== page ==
The reunification of the two pieces adds an important link in the chain, showing how the writing of the Hebrew Bible evolved through the so-called "silent" period — between the third and 10th centuries — from which nearly no Biblical texts survived. While in the Dead Sea Scrolls the song is arranged like prose, for example, in the newly reunited manuscript it is written like a poem, the same way it appears in the Hebrew Bible today.
The manuscripts are "filling the gap," said Israel Museum curator Adolfo Roitman. "We can see we are dealing with a tradition that is still alive."
The museum exhibit displays the manuscripts along with other depictions of the Song of the Sea from the museum's permanent collection, including artistic renderings of the biblical passages in frescoes and Renaissance paintings and recordings of the song as it is chanted by Jews in different communities worldwide.

Marcel Dzama: Of Many Turns

In Saturday's National Post, we explore the strange world of Marcel Dzama, whose work is being celebrated in a new exhibition at the Montreal Museum of Contemporary Art called Aux mille tours, meaning, Of Many Turns.
Click here to read the story.
Alison Norlen, who is now an associate professor at the University of Saskatchewan, was the one who introduced Dzama’s work to the curator Wayne Baerwaldt, who in turn got Dzama his first show at the Richard Heller Gallery in Los Angeles in 1997. “His work was so unusual to me,” she says. “[I’d] never really met anybody quite like him.” She recalls how, in 1996, during his final year of university, his house burned down, forcing Dzama and his family to live in a motel for four months. Instead of being defeated by the fire, Dzama channelled it into his work.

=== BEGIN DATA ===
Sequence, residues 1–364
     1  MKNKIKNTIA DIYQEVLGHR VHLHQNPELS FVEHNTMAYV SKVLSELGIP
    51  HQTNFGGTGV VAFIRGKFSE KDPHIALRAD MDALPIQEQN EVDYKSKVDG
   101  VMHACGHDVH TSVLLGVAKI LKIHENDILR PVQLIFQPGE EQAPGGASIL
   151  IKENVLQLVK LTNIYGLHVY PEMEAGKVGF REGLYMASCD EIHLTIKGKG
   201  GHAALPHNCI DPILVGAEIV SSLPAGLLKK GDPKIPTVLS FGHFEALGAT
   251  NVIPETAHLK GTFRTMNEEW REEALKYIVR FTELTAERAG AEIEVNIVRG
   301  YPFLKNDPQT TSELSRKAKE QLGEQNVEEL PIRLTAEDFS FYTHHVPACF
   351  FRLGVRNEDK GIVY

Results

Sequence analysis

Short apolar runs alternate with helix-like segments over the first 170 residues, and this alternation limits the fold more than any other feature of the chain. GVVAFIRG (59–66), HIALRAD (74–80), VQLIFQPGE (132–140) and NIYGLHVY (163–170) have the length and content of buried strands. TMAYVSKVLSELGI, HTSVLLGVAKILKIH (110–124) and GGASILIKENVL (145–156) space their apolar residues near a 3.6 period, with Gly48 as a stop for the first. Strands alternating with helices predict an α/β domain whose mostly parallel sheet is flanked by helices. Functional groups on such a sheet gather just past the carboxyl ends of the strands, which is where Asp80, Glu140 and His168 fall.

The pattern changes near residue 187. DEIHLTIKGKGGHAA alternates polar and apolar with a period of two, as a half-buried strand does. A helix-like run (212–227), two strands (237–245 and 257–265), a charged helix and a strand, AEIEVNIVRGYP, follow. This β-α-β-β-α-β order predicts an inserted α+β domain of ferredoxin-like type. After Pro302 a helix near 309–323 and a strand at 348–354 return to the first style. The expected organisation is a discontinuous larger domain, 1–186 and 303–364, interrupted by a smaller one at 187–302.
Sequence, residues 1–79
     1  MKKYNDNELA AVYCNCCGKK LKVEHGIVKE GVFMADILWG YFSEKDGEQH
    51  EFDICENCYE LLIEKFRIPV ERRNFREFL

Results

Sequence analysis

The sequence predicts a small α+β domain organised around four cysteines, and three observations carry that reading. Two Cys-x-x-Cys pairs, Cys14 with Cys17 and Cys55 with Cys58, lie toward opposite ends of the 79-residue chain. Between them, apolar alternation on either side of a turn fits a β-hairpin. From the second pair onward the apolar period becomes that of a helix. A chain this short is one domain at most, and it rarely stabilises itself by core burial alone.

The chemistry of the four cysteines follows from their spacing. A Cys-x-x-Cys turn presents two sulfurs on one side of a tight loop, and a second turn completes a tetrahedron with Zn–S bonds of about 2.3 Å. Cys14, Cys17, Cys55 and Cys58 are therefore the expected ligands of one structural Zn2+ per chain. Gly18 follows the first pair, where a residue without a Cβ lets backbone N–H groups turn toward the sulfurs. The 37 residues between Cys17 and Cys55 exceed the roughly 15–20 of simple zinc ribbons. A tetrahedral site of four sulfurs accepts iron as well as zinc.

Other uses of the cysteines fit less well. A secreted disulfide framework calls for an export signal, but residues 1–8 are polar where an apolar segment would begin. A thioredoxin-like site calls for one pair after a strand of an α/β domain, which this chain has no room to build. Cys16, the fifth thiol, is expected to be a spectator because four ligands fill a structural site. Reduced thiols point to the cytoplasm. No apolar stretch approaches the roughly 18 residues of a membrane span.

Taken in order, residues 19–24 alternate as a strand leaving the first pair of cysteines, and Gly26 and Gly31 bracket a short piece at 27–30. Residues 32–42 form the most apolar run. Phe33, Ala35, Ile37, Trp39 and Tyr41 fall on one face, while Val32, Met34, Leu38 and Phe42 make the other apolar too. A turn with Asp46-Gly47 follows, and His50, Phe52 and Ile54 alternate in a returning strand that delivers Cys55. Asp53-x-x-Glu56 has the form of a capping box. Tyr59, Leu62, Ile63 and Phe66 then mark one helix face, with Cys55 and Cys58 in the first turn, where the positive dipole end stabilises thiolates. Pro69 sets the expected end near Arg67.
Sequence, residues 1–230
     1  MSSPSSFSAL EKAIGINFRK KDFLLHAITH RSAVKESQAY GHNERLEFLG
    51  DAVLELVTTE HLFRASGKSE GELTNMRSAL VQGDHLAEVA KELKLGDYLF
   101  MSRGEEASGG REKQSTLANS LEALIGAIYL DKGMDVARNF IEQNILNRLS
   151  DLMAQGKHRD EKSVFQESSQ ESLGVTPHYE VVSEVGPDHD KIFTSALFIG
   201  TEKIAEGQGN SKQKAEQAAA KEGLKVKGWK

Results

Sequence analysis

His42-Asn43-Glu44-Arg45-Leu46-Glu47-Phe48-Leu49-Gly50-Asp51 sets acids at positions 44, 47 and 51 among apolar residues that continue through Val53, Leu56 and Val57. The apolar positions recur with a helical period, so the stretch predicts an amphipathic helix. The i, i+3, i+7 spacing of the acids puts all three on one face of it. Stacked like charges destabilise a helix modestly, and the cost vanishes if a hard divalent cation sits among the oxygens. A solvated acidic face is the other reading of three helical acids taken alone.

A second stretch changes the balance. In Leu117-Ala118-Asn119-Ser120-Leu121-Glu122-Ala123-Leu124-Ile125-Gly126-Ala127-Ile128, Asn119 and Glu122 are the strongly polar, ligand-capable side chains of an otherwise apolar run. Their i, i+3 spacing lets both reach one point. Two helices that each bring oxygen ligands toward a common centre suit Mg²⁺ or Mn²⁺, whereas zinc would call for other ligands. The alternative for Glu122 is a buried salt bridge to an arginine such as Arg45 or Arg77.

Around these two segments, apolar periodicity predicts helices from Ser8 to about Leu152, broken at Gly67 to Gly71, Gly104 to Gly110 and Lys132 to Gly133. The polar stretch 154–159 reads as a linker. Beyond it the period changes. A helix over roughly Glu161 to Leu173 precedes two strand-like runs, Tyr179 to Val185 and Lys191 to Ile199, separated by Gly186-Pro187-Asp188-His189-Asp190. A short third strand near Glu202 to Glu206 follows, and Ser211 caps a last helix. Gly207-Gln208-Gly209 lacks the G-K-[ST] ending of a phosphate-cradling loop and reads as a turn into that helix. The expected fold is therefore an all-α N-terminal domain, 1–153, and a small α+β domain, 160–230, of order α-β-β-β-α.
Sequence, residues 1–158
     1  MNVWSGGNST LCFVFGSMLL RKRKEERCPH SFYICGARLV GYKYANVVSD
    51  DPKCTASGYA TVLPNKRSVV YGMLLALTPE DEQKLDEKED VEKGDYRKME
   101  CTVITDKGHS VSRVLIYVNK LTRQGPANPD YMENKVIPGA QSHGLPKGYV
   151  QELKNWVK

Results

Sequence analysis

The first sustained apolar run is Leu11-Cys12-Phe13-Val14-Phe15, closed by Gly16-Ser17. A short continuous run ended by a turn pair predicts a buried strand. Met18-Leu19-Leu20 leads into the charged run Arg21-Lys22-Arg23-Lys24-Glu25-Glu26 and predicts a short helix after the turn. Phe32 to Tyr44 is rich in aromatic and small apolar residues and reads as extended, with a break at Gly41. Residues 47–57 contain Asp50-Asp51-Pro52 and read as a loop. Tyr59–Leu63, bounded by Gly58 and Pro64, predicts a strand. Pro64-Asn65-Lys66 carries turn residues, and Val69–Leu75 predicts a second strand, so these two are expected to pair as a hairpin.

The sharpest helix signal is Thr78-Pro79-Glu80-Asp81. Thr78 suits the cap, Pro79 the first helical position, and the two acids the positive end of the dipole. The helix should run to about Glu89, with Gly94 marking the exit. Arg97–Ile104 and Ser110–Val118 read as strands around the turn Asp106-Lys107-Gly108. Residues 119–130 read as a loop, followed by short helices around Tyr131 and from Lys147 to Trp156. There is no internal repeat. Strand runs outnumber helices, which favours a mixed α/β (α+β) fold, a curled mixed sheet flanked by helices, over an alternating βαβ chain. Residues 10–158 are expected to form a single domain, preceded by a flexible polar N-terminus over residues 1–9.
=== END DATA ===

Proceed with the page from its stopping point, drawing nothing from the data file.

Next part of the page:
“His life had been really disorganized and upset [by the fire],” she says. “I think that what was going on in his life was being drawn into the work that he was doing. So it was quite autobiographic and quite interesting. Quite whimsical. And he certainly never complained about the situation. He just starting documenting it through his work.”